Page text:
The result is an incisive book, published last month in Britain and this month in Australia, What's Left? How Liberals Lost Their Way, which denounces as moral bankruptcy the tendency of some in the liberal-Left to end up as apologists for fascist governments and movements. Cohen's ambition is to show how the Left of the 20th century ended up supporting the far Right of the 21st century.

Inspired by US writer Paul Berman's Terror and Liberalism, Cohen ranges over the history of the Left during the past century, examining the relationship between the Left and fascism. Cohen finds the roots of this behaviour in the Nazi-Soviet pact, when Marxists openly supported fascism and declared democracy the enemy. He surveys the defence by some in the Left of Slobodan Milosevic and his ethnic cleansing in Bosnia and Kosovo, Noam Chomsky's defence of Pol Pot, Michel Foucault's support for the Islamic Revolution in Iran, tacit support for the perpetrators of 9/11, the Madrid bombing, London's 7/7 and the attribution of ultimate responsibility to the US.

The Australian Left has not been immune to this topsy-turvy logic, which pursues Betrand Russell's fallacy of the superior virtue of the oppressed to ridiculous conclusions. Clive Hamilton, executive director of the Australia Institute, was one of the few on the Left even to admit that it was in the interests of the world that democracy should succeed in Iraq but his caveat was that the US should be humiliated in the process. "The bloody nose that the US has received in Iraq has severely dented the confidence of the neo-cons and that can only be good for the world," he wrote for Foreign Policy in Focus, a US left-wing think-tank, in July 2005.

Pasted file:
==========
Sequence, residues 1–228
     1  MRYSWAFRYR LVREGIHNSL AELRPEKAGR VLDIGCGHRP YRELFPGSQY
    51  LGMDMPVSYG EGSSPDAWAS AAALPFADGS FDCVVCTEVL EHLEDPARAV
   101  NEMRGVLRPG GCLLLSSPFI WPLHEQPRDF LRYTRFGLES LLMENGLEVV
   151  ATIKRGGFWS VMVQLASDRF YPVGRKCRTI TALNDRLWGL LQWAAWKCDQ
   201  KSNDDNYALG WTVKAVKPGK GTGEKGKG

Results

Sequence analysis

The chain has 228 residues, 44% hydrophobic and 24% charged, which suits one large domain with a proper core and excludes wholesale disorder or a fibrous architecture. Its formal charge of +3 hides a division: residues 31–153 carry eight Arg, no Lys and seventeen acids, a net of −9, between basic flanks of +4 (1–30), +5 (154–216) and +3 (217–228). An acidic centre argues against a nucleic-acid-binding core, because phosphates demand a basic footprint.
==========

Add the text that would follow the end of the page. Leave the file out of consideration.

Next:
The Australian Left's impassioned campaigns on behalf of David Hicks and "Jihad Jack" Thomas are part of the impulse to apologise for those who by their own admission support the violent imposition of Islamic fundamentalism but decry loud and long the slow and imperfect functioning of the US judicial and legislative processes in the unfamiliar area of the international laws of war.

Cohen, like Christopher Hitchens, Melanie Phillips and David Aaronovitch, stands in the proud English tradition of writers such as George Orwell who came from the Left and dared risk its wrath criticising it. He is a signatory of the Euston Manifesto, a document created last year by those on the Left disillusioned by its drift to support the far Right. It set out the principles which the Left should stand for - democracy, freedom, equality and internationalism, and those which it should condemn - tyranny, terrorism, anti-Americanism, racism, anti-Semitism and anti-Zionism.